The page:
TL;DR version: While "making" online content, I engaged in the following activities: Planning, Generating, Organizing, Composing, and Revising.
For the first week of “class” in the Mozilla Teach the Web MOOC we were asked to first of all introduce ourselves by creating a “webby” intro using Popcorn, Thimble, or X-Ray Goggles. I chose Popcorn since I’ve never had the opportunity to play with it before. My Popcorn-constructed intro for Week One is available below.
In reflecting on this process, I was also asked to respond to the following prompt: What kind of thinking is involved when you Make?
I’ve written about this process several times here on this blog, and in book chapters, and for conference presentations. Usually I refer to this as Online Content Construction as I see it as being intertwined with other literacy skills and the CCSS. Much of this understanding is framed by writing research, and (for me) has a connection to the “real-world” classroom. In this reflective piece I’ll discuss my thinking process while Making online content. I believe these knowledge, skills, and dispositions also should be exhibited by students as they construct online content.
When I create, construct, or make content, I see many elements coming into play. Initially I considered the overall purpose, and intended audience of the ultimate work product. The purpose of the piece was to introduce myself to the learning community…and the audience is a collection of global educators that (I believe) are all into working & playing with digital tools and content. As a result I chose to make mine a little more personal and really express myself.
After identifying the initial purpose and audience of the work product, I engaged in each of the following five skills as I constructed, reviewed, and revised my work product. I included many elements from my own work and research in this description in an attempt to provide a research-tested, thoughtful examination of the work involved as students construct online content. This is motivated by my early years teaching and having administrators think that the kids were just “playing” on the computer.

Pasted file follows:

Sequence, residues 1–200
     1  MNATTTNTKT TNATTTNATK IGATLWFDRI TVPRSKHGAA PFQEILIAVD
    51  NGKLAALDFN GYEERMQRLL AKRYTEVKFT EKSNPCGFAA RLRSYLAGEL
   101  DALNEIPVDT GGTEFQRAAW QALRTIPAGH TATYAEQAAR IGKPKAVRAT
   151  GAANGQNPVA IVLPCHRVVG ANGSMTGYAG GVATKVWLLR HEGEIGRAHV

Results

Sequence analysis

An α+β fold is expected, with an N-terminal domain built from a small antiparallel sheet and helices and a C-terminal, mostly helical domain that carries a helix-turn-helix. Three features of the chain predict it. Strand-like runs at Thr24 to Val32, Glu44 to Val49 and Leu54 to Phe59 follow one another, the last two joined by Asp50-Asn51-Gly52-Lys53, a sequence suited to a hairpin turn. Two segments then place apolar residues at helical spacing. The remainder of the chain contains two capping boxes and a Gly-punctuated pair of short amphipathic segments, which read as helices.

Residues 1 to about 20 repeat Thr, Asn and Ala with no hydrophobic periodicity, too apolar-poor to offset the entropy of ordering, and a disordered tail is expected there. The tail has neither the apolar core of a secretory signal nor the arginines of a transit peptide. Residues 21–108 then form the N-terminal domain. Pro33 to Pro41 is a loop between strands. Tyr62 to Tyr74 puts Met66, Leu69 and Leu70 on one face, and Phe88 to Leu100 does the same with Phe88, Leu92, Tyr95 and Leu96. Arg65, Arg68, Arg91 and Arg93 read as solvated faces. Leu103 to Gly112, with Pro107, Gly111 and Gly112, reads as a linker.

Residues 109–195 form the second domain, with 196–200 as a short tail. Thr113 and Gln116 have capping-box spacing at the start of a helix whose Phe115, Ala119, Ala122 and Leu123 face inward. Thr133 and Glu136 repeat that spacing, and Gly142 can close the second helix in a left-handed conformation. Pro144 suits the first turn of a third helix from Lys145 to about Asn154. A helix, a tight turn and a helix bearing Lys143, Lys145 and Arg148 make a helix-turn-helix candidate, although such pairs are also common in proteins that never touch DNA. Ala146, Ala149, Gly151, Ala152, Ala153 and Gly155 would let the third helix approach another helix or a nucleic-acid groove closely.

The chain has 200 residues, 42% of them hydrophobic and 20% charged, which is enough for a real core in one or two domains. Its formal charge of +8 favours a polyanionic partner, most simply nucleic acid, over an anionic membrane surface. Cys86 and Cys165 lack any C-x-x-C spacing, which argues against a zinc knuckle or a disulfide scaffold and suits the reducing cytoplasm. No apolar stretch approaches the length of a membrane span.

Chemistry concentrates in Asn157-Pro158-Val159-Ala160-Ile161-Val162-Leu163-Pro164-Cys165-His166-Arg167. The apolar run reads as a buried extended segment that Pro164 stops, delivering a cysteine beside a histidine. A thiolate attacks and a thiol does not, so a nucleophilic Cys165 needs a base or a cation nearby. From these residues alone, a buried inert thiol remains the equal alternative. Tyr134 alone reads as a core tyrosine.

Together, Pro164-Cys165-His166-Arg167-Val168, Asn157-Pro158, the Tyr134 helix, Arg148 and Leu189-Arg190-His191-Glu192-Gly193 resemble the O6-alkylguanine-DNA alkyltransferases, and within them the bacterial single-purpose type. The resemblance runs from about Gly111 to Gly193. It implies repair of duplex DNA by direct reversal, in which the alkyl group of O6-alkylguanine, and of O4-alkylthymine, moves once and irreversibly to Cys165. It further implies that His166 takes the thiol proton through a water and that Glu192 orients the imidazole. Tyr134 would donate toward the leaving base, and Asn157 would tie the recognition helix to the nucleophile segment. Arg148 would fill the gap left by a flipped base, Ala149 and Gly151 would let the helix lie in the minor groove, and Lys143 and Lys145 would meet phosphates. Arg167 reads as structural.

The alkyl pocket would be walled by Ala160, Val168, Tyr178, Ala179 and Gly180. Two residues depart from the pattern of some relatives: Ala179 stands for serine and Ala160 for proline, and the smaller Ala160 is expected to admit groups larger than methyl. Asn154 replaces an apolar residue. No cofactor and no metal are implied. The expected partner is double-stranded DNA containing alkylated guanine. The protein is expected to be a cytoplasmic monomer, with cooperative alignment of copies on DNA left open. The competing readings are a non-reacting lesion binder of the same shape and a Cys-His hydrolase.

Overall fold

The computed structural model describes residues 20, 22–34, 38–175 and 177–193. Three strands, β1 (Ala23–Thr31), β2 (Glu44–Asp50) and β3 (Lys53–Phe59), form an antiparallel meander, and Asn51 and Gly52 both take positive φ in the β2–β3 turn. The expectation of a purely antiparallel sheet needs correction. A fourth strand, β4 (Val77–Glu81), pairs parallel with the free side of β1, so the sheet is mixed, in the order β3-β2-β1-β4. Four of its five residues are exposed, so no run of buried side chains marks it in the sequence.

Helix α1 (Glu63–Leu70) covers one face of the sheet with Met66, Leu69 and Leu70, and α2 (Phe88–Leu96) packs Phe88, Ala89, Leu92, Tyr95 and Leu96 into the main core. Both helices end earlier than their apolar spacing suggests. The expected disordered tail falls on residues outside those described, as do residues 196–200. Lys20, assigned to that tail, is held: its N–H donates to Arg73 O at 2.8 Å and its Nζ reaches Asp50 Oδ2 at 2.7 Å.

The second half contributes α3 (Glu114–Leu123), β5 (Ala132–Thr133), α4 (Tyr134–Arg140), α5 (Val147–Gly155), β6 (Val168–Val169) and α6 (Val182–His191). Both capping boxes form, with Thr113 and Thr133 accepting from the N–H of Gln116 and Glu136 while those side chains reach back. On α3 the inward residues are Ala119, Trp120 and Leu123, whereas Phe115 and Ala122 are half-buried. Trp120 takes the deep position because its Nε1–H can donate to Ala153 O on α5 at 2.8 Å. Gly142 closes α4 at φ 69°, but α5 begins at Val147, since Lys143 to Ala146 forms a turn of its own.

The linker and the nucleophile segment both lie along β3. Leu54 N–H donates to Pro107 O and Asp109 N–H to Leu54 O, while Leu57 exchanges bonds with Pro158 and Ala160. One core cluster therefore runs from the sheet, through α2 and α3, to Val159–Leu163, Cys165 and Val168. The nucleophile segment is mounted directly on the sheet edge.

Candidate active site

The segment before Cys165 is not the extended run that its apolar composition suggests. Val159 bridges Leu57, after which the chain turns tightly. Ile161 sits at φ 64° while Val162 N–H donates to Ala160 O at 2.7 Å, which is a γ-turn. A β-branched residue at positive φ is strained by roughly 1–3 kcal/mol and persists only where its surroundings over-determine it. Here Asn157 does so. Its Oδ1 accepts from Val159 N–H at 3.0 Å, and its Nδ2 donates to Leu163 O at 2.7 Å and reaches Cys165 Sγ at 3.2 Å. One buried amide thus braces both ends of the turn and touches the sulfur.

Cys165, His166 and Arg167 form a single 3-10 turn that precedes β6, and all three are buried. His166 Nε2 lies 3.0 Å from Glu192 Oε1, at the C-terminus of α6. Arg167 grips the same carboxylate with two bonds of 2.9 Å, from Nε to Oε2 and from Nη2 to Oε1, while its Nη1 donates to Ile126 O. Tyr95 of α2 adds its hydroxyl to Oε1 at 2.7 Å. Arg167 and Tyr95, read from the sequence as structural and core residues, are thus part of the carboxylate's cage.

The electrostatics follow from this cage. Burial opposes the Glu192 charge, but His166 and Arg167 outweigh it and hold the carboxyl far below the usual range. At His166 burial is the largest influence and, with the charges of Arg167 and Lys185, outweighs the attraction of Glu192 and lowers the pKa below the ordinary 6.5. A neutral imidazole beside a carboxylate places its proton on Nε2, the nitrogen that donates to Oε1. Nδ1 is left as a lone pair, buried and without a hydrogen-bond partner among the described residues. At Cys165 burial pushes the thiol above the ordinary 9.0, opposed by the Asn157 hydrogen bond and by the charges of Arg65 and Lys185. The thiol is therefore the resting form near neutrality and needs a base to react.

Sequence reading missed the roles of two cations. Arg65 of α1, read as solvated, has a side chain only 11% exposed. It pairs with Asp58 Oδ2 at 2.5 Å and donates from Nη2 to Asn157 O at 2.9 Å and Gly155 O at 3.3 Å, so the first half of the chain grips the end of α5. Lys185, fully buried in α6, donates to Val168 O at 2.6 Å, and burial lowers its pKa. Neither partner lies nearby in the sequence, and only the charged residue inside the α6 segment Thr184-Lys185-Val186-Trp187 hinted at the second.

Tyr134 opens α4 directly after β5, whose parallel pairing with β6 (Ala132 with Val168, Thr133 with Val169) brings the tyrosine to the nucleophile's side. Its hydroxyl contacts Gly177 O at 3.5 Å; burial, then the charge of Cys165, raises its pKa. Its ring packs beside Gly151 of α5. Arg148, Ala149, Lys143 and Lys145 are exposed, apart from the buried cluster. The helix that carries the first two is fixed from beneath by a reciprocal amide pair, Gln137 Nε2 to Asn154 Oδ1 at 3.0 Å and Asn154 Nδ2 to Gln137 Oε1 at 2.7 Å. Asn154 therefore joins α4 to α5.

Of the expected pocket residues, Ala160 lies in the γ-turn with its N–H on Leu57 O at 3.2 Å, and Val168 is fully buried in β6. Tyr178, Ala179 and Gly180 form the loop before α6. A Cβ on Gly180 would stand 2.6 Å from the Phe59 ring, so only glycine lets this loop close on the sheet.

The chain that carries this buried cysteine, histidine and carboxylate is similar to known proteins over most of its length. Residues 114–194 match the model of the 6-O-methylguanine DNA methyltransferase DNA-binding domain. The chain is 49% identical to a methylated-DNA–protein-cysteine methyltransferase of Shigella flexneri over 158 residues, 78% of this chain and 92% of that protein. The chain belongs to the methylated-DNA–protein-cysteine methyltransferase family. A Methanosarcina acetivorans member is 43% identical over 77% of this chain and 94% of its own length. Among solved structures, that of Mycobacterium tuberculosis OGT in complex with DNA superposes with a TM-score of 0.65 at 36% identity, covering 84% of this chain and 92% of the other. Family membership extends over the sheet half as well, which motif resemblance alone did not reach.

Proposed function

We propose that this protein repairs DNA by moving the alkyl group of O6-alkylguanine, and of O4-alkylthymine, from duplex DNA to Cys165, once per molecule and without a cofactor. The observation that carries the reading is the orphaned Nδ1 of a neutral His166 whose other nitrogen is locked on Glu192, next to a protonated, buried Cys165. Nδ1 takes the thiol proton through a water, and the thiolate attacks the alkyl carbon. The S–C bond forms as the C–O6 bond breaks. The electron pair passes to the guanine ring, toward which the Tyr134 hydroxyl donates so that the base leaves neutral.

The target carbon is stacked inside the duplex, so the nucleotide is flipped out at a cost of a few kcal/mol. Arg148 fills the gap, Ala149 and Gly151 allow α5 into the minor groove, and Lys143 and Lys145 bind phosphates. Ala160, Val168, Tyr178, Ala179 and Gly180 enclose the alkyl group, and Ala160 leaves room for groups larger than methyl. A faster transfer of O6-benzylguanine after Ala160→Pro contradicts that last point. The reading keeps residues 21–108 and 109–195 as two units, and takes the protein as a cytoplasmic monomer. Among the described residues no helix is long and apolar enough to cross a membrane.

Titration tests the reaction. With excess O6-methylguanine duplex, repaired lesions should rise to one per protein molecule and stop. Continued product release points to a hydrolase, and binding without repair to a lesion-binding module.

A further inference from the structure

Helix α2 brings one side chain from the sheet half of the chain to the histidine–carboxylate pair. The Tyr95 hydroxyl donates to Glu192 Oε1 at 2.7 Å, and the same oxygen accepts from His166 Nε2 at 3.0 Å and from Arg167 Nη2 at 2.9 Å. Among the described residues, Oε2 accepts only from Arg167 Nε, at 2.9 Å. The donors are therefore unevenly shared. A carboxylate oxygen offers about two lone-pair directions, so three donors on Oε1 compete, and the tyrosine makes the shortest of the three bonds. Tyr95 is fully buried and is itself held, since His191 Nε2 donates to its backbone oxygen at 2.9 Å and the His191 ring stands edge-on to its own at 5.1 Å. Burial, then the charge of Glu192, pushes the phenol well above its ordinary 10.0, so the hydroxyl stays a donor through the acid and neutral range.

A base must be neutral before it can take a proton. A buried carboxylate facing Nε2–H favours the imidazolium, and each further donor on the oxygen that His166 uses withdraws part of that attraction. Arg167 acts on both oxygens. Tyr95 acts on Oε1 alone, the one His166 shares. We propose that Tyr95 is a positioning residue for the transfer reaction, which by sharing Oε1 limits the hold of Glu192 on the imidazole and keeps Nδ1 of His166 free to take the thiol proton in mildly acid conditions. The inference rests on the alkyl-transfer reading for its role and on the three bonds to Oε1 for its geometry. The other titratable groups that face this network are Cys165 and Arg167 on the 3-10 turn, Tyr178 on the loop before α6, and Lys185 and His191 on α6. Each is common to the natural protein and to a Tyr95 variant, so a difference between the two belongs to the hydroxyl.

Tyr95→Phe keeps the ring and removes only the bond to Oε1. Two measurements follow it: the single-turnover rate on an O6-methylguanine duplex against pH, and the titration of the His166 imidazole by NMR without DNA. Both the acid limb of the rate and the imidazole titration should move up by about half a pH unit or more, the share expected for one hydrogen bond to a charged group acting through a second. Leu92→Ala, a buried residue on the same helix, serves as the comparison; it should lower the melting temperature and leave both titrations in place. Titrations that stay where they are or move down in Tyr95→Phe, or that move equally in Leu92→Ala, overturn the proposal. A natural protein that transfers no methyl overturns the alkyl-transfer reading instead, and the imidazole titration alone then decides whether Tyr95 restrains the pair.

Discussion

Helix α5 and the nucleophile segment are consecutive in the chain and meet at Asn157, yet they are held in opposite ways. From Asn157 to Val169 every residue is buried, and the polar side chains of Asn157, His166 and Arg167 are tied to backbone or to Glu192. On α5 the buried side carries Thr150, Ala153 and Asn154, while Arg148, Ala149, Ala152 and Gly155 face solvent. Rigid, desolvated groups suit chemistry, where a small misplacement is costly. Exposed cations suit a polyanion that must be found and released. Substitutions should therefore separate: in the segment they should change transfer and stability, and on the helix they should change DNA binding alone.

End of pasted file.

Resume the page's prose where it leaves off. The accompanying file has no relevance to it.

- Planning – Defined as a student creating internal and external representations of the content they intend to build and ensuring that it is logically appropriate for the task (Flower & Hayes, 1981). This initial work was relatively easy as I was provided a template of a Popcorn movie that I could remix and make my own. I did pull various photos, videos, and music from online spaces and saved them on my desktop as I prepared to Make.
- Generating – Defined as the process in which a student creates or translates initial elements of the digital product based on their memory and organizers (Hayes & Flower, 1986; Collins & Gentner, 1980). Once I understood how to work with the Popcorn maker, I started adding, deleting, and remixing the content in the template. This took some time as I initially tried to figure out exactly what I wanted to “say” with the work product.
- Organizing – Defined as the process in which a student creates or manipulates the hierarchical or relational structure of their work product (Flower & Hayes, 1981). During this stage I reordered, added, removed, and (re)positioned content in the piece until it matched the plan I my head that I had for what I wanted to “say” in my piece. I also attended to aesthetic decisions about the presentation and ordering of elements of the content (Flower, Schriver, Carey, Haas, & Hayes, 1989).
- Composing – Defined as the process in which a student constructs the online content while weaving elements from the previous three phases into a cohesive composition that is representative of the goals of the inquiry process. Once I organized my content and placed it all in the timeline I reordered the various elements of multimodal content in order to tell a “story.” I did not intend for the work product to basically tell a story about the last couple years of my life…but in the end that is exactly what came out. I thought briefly about adding in a last line indicating that this was “me”…”up until now…” This last part was not included.
- Revising – Defined as the process in which a student dedicates time to systematically review and examine with the intent of improving the overall work product (Hayes & Flower, 1980). Once the initial first draft was completed I left it alone for a couple of hours and then came back to it for a final review process. I changed some elements around, and tightened up some of the transitions. I still could revisit the “final” work product and make some changes…but I’m happy for now.
Image attributed to http://www.flickr.com/photos/opensourceway/